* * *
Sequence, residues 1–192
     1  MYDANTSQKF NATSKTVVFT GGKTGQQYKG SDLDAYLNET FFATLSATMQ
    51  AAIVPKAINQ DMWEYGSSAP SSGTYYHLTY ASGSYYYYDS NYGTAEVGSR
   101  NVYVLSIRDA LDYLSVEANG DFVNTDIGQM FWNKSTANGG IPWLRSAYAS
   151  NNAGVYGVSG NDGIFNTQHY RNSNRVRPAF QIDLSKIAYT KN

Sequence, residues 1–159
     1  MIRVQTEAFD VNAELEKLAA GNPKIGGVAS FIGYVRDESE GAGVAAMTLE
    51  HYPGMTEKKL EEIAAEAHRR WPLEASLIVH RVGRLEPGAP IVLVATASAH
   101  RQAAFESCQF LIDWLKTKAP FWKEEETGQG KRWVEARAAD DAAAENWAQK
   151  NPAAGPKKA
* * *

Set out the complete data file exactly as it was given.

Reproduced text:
Sequence, residues 1–192
     1  MYDANTSQKF NATSKTVVFT GGKTGQQYKG SDLDAYLNET FFATLSATMQ
    51  AAIVPKAINQ DMWEYGSSAP SSGTYYHLTY ASGSYYYYDS NYGTAEVGSR
   101  NVYVLSIRDA LDYLSVEANG DFVNTDIGQM FWNKSTANGG IPWLRSAYAS
   151  NNAGVYGVSG NDGIFNTQHY RNSNRVRPAF QIDLSKIAYT KN

Sequence, residues 1–159
     1  MIRVQTEAFD VNAELEKLAA GNPKIGGVAS FIGYVRDESE GAGVAAMTLE
    51  HYPGMTEKKL EEIAAEAHRR WPLEASLIVH RVGRLEPGAP IVLVATASAH
   101  RQAAFESCQF LIDWLKTKAP FWKEEETGQG KRWVEARAAD DAAAENWAQK
   151  NPAAGPKKA